How You Nest Modules Matters in Ruby

ruby

Ruby provides two different syntaxes to nest modules (and classes):

# Syntax #1
module API
module V1
end
end

# Syntax #2
module API::V1
end


Syntax #2 requires that API module already exists. Most Rubyists know that. Besides this difference, they think that these two syntaxes are interchangeable. With that line of thinking, what syntax to use for nesting modules turns out to be a matter of preference.

But, the syntax you choose matters, which I will demonstrate shortly with examples that relate to how you would organize a versioned REST API.

Modules are just constants in Ruby, as such, regular constant look-up rules apply. The very first rule relates to how modules are nested. For the purpose of this blog post, we will ignore regular constants and just focus on modules.

When you reference a constant in a nested context, Ruby looks it up inside out:

module API
class Responder
end

module V1
class Controller
def action
Responder.respond_with('Hello, World!')
end
end
end
end


When #action gets called, Ruby will see if Responder is defined inside API::V1::Controller first, API::V1 second, API third, and finally in the top level. If it wasn't for this inside-out look-up, referencing Responder as above would not have worked. Instead, it would have to be referenced as API::Responder.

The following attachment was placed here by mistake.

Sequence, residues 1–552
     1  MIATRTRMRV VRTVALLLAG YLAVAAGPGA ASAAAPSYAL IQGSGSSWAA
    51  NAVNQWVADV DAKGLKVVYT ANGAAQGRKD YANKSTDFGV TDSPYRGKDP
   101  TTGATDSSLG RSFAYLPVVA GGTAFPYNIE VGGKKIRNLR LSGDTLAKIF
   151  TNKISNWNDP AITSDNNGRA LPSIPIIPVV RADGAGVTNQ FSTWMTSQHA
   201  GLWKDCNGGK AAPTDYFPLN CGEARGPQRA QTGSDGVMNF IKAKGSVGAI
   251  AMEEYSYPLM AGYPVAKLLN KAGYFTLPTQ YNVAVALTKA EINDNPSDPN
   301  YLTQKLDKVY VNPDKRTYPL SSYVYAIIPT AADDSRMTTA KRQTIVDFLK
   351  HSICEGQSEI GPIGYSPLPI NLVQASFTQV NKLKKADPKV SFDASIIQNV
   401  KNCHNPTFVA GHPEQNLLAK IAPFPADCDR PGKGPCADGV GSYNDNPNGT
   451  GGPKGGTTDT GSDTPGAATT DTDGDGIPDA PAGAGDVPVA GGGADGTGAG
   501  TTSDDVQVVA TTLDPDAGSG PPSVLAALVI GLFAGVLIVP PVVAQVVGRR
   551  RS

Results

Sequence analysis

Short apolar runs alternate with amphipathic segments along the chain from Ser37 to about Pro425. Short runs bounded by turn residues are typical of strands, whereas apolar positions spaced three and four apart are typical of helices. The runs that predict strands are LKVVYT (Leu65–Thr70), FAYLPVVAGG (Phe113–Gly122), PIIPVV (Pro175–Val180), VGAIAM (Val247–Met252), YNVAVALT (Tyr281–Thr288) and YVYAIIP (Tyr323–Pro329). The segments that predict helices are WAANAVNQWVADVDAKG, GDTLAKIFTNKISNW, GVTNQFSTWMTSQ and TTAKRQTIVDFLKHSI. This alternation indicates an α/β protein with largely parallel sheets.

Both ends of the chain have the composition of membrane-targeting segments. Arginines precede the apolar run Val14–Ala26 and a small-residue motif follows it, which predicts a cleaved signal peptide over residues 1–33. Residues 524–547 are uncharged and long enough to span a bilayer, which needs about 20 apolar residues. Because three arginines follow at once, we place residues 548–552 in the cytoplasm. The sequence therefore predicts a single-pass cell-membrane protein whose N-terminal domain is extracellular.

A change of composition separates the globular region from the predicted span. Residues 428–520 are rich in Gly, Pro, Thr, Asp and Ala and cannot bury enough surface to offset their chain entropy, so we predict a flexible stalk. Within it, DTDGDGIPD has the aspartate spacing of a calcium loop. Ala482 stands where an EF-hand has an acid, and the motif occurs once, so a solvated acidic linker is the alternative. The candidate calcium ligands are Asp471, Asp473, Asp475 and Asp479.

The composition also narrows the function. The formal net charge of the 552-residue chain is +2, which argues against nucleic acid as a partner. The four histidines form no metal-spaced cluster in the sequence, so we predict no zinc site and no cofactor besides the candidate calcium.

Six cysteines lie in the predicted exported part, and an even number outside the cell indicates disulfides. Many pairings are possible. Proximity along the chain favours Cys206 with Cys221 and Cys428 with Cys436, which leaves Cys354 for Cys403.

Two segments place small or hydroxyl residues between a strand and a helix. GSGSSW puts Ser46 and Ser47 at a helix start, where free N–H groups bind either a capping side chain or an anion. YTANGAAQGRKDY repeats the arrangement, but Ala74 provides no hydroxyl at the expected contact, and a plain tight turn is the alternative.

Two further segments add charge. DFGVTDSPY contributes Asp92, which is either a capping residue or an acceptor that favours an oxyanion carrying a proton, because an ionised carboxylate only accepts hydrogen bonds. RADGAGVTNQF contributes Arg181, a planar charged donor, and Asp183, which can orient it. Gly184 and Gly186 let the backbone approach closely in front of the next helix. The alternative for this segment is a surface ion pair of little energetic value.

You can actually access the nesting information Ruby uses for this look-up with Module.nesting:

module API
class Responder
end

module V1
class Controller
p Module.nesting #=> [API::V1::Controller, API::V1, API]

def action
Responder.respond_with('Hello, World!')
end
end
end
end


Now, let's see how the look-up behavior changes when we mix in syntax #2:

module API
class Responder
end
end

module API::V1
class Controller
p Module.nesting #=> [API::V1::Controller, API::V1]

def action
Responder.respond_with('Hello, World!')
end
end
end


When #action gets called, you will now get a NameError:

NameError: uninitialized constant API::V1::Controller::Responder


This is because some nesting information gets lost when you use syntax #2. You can see this from what Module.nesting returns in the example above. As per that example, Ruby now looks for Responder inside API::V1::Controller and API::V1. It no longer looks inside API, where Responder is actually defined hence the error.

Conclusion

The syntax you use for nesting modules in Ruby should not be a matter of preference. The syntax you use could be the difference between a working program, and the one that throws an error. So choose wisely. Having said that, I prefer syntax #1.

By the way, we've explored just one aspect of how constant look-up works in Ruby in general. If you use Rails, the matters gets even more complicated with the autoloading magic. The following references will help you learn more: